Sense of Direction, London

{From a couch in a London burrow}

 Maps for the London Tube splash bold colored-lines across the walls, policemen on roadways whistle traffic orders shrilly, and London crowds surge forward with purpose hurrying you along whether you wanted to fast-march down that seemingly never-ending escalator or not. There’s a beat to London that you can fall into step with, a polite but smirking ebb and flow to the cosmopolitan six million that travel the Tube everyday.

I’ve moved base to my aunt’s house in London since the end of my Oxford program and will be here for the next three weeks until the leaves turn to red and burnt gold and the wind – or in this case, the Eurostar – takes me across the Channel to Paris. In a way, I’m just waiting. I simultaneously have nothing and everything to do, as I’m helping my spunky younger sister, Devina move back into boarding school at TASIS in Surrey tomorrow and will later work around coordinating all the odds and ends of both our errands.

It’s a little like standing still with a compass; the arrow isn’t quite sure where to veer so it shifts about unsteadily, invariably leading us back this past week to the brightly lit shops of Regent & Oxford Street. Here too directives command the scene: posh designer brands set the season’s tone on Bond Street which tumble down orange skirts and broad-brimmed hats down the block to similar knockoffs at H&M and River Island, where obedient trend-followers hurry into fitting room queues.

Meanwhile, time lulls or rushes in a singular direction, as all of us who’ve ever wanted to control it know. In ten days, I’ll be turning twenty, cutting away the safety net of blaming any foolish action or indecisive behavior on “being a teenager.” To echo a common sentiment of many of my peers across the U.S. this year: I thought I’d be a lot more figured out by the time I became a twennysumthin.’ The various colleges on campus try to sweep us into degrees much in the same way the London crowds surge us along. I strongly want for some inner compass to stop the rush of time and ambition long enough to map out a decisively desirable path to blockade against the nightmarish situation of my future self finding me on a long escalator to law or business school still anxiously wondering whether I’m even moving along the right boldly colored life line.

There’s a blurry line between the angst of early teen years and later teen existential crises. What we once bemoaned and felt awe-inspired by at sleepovers from sleeping bags in my parents’ living room has in a way just shifted locations to conversation on friends’ dorm room futons and twin-sized bunks. There’s always an urge to spin life’s compass; to challenge whether North is actually where you want to head as college searches morph to graduate school quests which further glide towards “true responsible adulthood…” namely an actual career that pays actual bills that you didn’t just pick based on the last TV show you got obsessed with.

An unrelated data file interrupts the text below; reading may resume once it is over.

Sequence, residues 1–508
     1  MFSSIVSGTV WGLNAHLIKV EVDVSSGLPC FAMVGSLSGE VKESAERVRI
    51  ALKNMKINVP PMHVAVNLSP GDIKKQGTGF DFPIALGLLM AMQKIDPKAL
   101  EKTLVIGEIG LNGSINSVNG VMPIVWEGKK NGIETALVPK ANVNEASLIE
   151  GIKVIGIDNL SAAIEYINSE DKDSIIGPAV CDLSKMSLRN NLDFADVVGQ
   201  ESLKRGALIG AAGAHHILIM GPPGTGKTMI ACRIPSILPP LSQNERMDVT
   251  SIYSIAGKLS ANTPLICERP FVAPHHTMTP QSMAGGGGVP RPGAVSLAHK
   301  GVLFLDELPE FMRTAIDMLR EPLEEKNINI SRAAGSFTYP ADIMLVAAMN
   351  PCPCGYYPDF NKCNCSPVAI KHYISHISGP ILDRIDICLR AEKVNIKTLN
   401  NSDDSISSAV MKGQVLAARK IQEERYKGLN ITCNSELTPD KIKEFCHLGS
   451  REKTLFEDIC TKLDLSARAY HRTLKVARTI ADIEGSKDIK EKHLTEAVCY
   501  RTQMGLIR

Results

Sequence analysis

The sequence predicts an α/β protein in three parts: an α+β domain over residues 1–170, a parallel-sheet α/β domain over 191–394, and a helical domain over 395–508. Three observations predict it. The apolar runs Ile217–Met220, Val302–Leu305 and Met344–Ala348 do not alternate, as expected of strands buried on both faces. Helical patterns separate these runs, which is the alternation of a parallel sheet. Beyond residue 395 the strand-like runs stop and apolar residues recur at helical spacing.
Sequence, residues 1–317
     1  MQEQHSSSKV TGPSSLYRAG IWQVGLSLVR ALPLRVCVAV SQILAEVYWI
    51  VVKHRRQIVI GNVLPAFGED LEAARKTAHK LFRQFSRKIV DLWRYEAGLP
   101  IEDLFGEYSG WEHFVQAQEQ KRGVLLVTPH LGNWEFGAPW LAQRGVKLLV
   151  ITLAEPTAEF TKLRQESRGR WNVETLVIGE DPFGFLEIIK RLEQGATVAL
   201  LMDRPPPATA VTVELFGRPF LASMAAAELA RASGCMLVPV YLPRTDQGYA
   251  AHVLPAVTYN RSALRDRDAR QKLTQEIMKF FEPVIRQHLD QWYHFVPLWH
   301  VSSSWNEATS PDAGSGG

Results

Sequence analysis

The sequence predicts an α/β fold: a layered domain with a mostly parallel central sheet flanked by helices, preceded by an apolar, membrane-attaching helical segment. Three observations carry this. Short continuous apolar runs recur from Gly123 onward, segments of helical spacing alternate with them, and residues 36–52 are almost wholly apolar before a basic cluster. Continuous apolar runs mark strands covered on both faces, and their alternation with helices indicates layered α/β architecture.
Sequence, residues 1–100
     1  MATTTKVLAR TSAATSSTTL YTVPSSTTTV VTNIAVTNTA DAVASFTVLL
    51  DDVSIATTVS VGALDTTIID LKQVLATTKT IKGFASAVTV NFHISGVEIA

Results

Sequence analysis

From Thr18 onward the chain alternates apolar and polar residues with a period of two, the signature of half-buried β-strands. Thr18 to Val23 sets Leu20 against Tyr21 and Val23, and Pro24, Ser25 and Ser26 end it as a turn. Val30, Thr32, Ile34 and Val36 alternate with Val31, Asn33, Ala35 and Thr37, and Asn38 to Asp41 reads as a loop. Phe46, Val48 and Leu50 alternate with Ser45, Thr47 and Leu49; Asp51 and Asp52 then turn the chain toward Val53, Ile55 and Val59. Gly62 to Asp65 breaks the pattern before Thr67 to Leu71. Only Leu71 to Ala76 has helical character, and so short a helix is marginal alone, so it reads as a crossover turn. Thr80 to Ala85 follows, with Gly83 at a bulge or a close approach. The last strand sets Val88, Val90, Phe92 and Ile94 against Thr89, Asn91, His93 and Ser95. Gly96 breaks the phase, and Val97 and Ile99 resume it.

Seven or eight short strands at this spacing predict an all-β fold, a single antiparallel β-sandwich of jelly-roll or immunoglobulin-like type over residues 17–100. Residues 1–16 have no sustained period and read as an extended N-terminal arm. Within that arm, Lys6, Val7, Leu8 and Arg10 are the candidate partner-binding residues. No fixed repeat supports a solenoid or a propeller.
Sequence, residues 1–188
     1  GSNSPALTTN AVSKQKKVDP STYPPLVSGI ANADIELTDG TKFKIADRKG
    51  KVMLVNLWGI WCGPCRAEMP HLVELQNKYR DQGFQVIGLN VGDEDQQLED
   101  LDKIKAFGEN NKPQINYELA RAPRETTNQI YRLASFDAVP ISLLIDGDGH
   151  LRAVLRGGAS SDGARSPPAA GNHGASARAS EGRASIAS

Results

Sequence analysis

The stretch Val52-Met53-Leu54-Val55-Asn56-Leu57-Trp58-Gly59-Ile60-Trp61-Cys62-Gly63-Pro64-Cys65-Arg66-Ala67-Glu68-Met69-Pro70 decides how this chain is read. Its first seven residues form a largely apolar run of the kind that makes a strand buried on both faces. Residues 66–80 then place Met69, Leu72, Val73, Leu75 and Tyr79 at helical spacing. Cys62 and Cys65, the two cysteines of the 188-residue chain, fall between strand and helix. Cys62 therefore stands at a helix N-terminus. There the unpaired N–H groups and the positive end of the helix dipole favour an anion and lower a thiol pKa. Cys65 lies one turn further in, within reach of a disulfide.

But then there are those wonderful moments like today, when I’m still nineteen and just finished eating a crêpe and falafel with Devina on the top floor of Selfridges, comfortable in the knowledge that we knew exactly what street and stop we were going to head towards on the Victoria Line. My sense of direction and purpose in life for once was certain as we got off the Oxford Circus escalator…right before my new season’s maroon hat decided to challenge all winds and fly across the platforms. We called after the deaf traitor, our chase surprising the populous enough to break the crowd into amused individuals, some who even helped rein back the winged hat. For a moment all order and direction seemed far away and we laugh together with strangers. But the train came in accordance with the timetable and well trained, the organized purposeful crowd returned.

Author: Nikita Taimni

A Dubai-based blogger, I write about travel, theatre and lifestyle in the cities I explore around the world. Follow me on Instagram @nikitalyfe and follow via email if you enjoy reading my posts!

4 thoughts

  1. Excellent read. Don’t worry too much about the future. Concentrate on the present. The success in future is entirely dependent on your work in the present.

    Liked by 1 person

  2. Love reading your posts. This one is so different and interesting. I feel I was there with you as you moved with the crowds down that long escalator or when your hat flew away! Each one of your posts has something new to offer and that’s why I enjoy them. Keep them coming…I look forward to reading them.

    Liked by 1 person

  3. Hi Nikita, I just loved this post. Very nice interplay of deep inner thoughts and mundane day to day external surroundings. Keep them coming, the next one is awaited eagerly.

    AarTee

    Liked by 1 person

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